The Prayer Room
by Ron Hughes
Prayer: What are we talking about?
Prayer is sometimes seen to be nothing more than saying words without paying attention at all. Rote prayers like “the Lord’s prayer” or “Hail Mary” are not the only form of this kind of prayer. A friend of mine told me how, on one occasion, he knelt beside the bed with his wife at the end of a long day. He was weary beyond belief and, unthinkingly, said, “Dear heavenly Father, we thank you for the food we are about to receive…” and was interrupted by his wife’s giggle.
Mere repetition of words, however biblical they may be, is not our area of interest here. We’re looking at real communication, specifically between us and God. Prayer embraces a number of distinct activities – confession of sin, asking for needs to be met, intercession for others, adoration, and thanksgiving. These are all significant and each adds its own contribution to the whole. For our purposes we will cast the net as widely as possible and simply define prayer as spiritual communion with God.
We know prayer is important because of the biblical emphasis on it. We see Jesus as a man of prayer. For example, in Luke 6:12 we read of him going out to a mountain to pray all night long. Jesus also taught about prayer. He said things like: “when you pray, you must not be like the hypocrites. For they love to stand and pray in the synagogues and at the street corners, that they may be seen by others. Truly, I say to you, they have received their reward. But when you pray, go into your room and shut the door and pray to your Father who is in secret. And your Father who sees in secret will reward you. And when you pray, do not heap up empty phrases as the Gentiles do, for they think that they will be heard for their many words” (Matthew 6:5-7 ESV).
The apostle Paul also set an example by recording several prayers in his letters and he, too, taught about the importance of prayer, the need for prayer, and the effects of prayer. I won’t even attempt to convince you that Christians should approach prayer seriously. Most of us instinctively know it, even if we would condemn ourselves regarding our diligence in practising it.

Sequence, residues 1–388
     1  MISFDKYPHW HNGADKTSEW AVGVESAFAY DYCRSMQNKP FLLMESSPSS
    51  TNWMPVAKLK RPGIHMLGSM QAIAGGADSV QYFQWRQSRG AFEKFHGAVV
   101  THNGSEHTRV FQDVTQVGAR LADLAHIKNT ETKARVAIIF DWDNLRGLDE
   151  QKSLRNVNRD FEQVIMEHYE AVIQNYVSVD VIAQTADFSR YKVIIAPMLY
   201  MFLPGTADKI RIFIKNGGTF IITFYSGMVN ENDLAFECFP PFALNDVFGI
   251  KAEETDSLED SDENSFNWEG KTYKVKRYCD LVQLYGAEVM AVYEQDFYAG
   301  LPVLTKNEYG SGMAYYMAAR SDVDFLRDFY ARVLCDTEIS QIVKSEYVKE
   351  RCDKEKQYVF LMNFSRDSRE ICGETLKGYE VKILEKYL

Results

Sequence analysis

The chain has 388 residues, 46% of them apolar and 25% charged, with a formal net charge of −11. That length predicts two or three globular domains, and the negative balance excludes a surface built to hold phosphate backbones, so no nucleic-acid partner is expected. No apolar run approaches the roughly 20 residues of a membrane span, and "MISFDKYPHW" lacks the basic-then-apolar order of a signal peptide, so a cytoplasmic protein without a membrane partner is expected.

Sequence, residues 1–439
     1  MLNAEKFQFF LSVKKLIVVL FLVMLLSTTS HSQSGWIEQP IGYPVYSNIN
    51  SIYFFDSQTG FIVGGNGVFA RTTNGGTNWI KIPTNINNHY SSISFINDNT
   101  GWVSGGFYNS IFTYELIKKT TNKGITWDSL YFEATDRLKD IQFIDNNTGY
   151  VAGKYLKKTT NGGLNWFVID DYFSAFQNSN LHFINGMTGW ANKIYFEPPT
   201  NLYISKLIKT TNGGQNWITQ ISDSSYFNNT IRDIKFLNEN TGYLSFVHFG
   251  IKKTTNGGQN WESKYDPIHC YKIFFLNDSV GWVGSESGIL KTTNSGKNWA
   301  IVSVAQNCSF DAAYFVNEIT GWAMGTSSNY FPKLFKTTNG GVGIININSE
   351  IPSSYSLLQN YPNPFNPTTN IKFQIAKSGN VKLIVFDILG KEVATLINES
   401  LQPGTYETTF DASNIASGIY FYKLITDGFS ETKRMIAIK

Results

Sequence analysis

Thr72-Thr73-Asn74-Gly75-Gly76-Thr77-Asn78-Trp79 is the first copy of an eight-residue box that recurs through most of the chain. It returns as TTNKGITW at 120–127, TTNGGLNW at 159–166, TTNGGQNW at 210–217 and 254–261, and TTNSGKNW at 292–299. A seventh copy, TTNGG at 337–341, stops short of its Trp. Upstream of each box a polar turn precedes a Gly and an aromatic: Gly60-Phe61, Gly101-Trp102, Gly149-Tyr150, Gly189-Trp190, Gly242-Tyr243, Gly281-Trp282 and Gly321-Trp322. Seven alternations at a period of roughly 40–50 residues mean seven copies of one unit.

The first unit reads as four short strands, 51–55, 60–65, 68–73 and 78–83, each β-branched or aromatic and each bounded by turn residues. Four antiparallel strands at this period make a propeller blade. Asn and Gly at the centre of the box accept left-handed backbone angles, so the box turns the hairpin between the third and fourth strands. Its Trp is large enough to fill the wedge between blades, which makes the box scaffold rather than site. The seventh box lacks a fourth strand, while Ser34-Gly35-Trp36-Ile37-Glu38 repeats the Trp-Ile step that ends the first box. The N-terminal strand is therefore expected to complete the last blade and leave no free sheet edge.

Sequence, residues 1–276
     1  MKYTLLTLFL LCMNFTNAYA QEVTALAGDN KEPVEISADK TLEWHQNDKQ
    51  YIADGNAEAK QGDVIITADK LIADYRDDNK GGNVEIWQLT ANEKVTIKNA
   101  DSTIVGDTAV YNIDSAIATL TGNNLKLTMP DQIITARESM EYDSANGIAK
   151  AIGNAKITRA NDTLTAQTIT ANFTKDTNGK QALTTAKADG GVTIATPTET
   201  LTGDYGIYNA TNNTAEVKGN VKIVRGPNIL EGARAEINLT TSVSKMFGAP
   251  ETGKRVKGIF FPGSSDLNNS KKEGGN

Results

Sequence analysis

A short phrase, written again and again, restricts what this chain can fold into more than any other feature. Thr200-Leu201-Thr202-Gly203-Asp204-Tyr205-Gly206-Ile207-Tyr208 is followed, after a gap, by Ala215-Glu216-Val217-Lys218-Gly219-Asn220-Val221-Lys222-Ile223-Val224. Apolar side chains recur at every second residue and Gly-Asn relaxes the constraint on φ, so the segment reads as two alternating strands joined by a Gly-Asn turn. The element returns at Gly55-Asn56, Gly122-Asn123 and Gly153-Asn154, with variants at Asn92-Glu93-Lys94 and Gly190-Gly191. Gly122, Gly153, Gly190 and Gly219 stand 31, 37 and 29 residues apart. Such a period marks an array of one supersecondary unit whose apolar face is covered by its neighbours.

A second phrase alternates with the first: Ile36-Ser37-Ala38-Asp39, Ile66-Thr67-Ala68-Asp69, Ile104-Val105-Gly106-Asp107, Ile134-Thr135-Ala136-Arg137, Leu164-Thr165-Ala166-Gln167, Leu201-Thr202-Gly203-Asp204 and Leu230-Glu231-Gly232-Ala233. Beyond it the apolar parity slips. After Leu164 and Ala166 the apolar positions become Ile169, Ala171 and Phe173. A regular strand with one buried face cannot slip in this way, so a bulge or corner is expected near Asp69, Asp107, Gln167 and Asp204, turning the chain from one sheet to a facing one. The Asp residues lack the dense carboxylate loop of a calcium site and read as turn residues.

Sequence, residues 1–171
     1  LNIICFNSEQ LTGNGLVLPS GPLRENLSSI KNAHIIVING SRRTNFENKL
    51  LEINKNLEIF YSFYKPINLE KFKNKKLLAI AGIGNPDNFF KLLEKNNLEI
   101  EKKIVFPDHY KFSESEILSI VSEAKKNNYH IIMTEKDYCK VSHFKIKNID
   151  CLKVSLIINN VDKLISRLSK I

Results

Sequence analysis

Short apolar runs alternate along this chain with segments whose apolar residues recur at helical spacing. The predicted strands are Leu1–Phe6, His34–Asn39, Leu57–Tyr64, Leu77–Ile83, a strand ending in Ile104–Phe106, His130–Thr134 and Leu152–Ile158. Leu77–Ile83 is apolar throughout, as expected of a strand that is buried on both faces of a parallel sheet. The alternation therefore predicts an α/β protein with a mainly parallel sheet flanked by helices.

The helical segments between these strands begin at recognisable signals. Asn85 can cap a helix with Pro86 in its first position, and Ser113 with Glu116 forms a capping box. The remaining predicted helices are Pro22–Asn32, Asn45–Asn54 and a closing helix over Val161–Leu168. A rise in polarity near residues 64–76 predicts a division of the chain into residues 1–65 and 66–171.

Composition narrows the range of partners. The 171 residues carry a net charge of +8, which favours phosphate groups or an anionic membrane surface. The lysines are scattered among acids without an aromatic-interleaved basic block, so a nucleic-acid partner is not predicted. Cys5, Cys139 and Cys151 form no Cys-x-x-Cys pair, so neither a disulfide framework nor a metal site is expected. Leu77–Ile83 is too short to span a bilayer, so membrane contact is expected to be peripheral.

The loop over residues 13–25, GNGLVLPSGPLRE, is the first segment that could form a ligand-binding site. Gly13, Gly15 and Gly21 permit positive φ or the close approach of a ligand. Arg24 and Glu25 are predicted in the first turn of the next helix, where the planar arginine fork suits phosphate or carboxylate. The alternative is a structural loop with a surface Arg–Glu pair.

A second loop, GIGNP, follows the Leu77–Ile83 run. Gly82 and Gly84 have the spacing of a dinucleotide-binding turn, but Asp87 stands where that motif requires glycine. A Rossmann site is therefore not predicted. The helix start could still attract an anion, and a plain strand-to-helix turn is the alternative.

“How’s your prayer life?” A friend loved to ask questions like this to make me squirm. When I had suffered enough, he said, “I’ve asked that question of all kinds of people and every one has expressed some kind of dissatisfaction about the quality or quantity of prayer in his or her life.” This is probably true for all spiritual activities, but because we see prayer as pivotal, it serves as a lightening rod.
We take a disciplined approach to prayer for several reasons. The easiest one is to follow Christ’s example and obey biblical commands. A little beneath the surface are some other reasons. Prayer allows us to engage personally with God, to practise His presence. Disciplined prayer also makes sure that time with God is not crowded out of our lives by sloth from within or urgencies from without. Most of us pray because we sense a need of some sort. When trouble comes, praying is as instinctive for the Christian, as crying is for the child. We hurt; we want God to do something about it. As we mature, though, we discover that our agenda may not fit perfectly with God’s. Only after we spend a great deal of time with Him, do we internalize His values, priorities and will.
Some of us love to measure progress. We like to see positive change in our lives. We seem to need that encouragement to keep on. For those who fall into this category, we’d like to be able to evaluate our prayer life. I’ve learned that success in one’s prayer life is not measured by the degree to which we can get God to react to people and circumstances as we see them, but the degree to which we come to react to people and circumstances the way God sees them. This is counterintuitive for most of us. Even the most godly tend to see answers to prayer only when their own will is done in their lives or the lives of others.
In fact, while it is not usually wrong to pray for things to go the way you would like them to, the goal in prayer is for us to get to the point where we are asking God how we can conform to His purposes in the circumstances in which we now find ourselves, even if they include things we would naturally want to avoid. We limit the benefit of the exercise if we insist on God doing what we think is best for us and those we love. We will be much better off if we let Him set the agenda and we seek to fit into it.
On Wednesday, Ron will discuss practical tips to enhance our prayer lives.
Ron Hughes is president of FBH International , a multi-language media ministry and maintains an active itinerant speaking ministry in churches and conferences. Ron is a professional member of The Word Guild and has one published book, Refresh: 19 ways to boost your spiritual life, and is working on several other writing projects. Much of his writing is published on the ministry website and has been used in radio broadcasts.
Ron has been married to Debbie since 1976. They have four children, one of whom is married. They live on a 100 acre farm in the Niagara region which they share with a few horses, chickens, cats and a dog. He is also involved with an outreach site called Talk on the Way.